So yeah, a process consuming a large amount of resources (RAM, bandwidth, CPU) will definitely bog down the system. It will reduce performance and slow things down. I really thought that this was so utterly obvious that it went without saying, so my first thought was not that someone would assume, contrary to the focus of every other part of my post, that I was referring to anything other than system stability with those three sentences. This really is the only ambiguous part of my entire post, and your entire response hinges on it:

            That certainly is true, but then, why should so many user applications have the ability to affect the rest of the operating system?

            If I had said "have the ability to affect the stability of the rest of the operating system" you could not have misunderstood me. That much was my fault, I should have more clearly said what I meant. But, you read into that one sentence a meaning that was inconsistent with what I was saying prior to it and this did not make you hesitate for a moment to wonder if I really meant what you thought I meant. The mods followed your example in their own way, and so did several who also responded (apparently I'm a shill now -- more namecalling to follow, I'm sure). Is it really that hard not to knee-jerk? I increasingly feel like I have to idiot-proof my posts against every possible misinterpretation, which is effort better spent expressing ideas, because certainly whenever there are multiple potential interpretations the one that makes the weakest argument for the other guy is the most appealing to you, the one that you just know he had to have meant, right? Isn't that how it works for most of you? I wonder how much time that could be spent in productive debate is wasted guarding against this low-hanging fruit "haha, gotcha!" type of shit.

            The only negativity I feel about this at all is that I honestly expected better from this group. If I were doing a presentation about Windows design vs. Linux design for a national TV news show, I'd have had no such expectations and would feel that the misinterpretation is 100% my fault.

        • Re:So...... (Score:5, Insightful)

          by bberens (965711) on Wednesday September 10, 2008 @10:43PM (#24956487)
          You had me right up until that last paragraph, then I realized you're just a shill. I mean seriously, I could write some REALLY shitty software for linux that eats up all your resources unnecessarily and bogs down the system. How is that Canonical's or Redhat's fault? Similarly, the reason your linux drivers work so well is that linux hasn't had the ginormous revamp that the win32 kernel just underwent. Hardware vendors needed to make significant changes to their drivers and thought they'd get by with shoddy (probably outsourced) effort.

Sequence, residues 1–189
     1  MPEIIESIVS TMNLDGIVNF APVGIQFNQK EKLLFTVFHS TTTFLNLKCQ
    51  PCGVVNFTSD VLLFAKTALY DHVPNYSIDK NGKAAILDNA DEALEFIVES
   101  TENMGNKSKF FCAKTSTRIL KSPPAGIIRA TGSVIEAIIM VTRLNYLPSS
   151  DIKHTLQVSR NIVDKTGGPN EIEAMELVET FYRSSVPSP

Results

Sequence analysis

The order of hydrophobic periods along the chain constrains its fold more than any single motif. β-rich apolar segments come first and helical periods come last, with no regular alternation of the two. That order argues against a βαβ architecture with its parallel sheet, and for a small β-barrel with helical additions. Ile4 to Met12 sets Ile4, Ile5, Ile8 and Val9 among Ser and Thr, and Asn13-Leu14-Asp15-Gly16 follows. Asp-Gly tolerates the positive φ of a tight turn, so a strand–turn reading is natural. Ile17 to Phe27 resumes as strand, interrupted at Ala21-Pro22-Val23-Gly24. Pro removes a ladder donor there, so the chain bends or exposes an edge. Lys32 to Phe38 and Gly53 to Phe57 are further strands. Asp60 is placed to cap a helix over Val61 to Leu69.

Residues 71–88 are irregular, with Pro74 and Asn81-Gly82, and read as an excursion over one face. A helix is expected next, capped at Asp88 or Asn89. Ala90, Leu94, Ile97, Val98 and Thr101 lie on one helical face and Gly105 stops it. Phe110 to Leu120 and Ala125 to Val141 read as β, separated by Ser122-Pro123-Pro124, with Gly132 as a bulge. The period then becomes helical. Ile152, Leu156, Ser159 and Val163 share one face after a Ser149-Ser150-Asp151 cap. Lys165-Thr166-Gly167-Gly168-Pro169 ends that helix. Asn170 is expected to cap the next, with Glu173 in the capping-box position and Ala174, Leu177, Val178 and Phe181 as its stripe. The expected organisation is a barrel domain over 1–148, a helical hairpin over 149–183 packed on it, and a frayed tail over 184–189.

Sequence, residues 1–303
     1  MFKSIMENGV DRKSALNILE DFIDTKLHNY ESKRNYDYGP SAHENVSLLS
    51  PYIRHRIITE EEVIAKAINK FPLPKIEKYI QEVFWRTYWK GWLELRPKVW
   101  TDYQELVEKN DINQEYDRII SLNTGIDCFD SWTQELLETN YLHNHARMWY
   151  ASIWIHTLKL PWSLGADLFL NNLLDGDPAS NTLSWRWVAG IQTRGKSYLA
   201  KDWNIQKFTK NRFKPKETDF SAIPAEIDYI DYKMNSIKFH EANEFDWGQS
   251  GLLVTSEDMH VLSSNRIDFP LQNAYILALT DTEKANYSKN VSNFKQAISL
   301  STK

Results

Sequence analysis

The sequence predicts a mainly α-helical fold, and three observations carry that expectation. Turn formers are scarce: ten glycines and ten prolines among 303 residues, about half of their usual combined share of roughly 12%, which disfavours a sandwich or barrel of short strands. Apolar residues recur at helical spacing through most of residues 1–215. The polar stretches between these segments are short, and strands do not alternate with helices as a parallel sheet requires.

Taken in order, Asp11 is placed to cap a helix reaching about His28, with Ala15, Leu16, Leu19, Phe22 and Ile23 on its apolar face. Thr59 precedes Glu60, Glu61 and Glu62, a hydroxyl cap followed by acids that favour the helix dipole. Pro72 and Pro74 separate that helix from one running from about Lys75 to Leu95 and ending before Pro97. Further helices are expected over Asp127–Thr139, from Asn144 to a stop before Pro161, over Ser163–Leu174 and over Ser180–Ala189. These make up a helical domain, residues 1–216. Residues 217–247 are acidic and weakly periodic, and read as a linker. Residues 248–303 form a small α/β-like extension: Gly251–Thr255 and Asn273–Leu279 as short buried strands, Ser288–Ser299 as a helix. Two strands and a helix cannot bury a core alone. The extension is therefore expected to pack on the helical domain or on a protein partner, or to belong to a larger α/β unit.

• Re:So...... (Score:5, Insightful)

            by Darkness404 (1287218) on Wednesday September 10, 2008 @11:08PM (#24956697)
            The difference is, is Firefox hangs on Linux I can usually manage to click on a terminal or switch to a terminal to kill it. On Windows the entire system locks up.
            • Re: (Score:3, Interesting)

              by Korin43 (881732)
              My problem with Linux is actually the exact opposite. Usually things crash all the time in Windows, but it almost never takes Windows all the way down. In Ubuntu I frequently get crashes that either lock the system up so badly that I can only control the mouse and everything else is frozen, or everything including the mouse locks up (and trying to switch to another screen never seems to work). I might just be an Ubuntu/Debian/Gnome issue though..
              • Re: (Score:3, Informative)

                by jesterzog (189797)

                This doesn't necessarily address the problem as far as usability is concerned and wouldn't be satisfactory for a typical desktop user, but do you know if it's the Linux kernel that's crashing or is it X, or the desktop manager?

                Have you tried Ctrl-Alt-Backspace? (Usually resets X.) Or you could try Ctrl-Alt-F1 to get a text console, and use commands like 'top' to see which process is clogging things up and kill it.... (Ctrl-Alt-F6/F7/something will switch back to X), or just try something like 'sudo /etc/

                • Re:So...... (Score:5, Funny)

                  by Achromatic1978 (916097) <robert@chrBOHRom ... minus physicist> on Thursday September 11, 2008 @01:59AM (#24958191)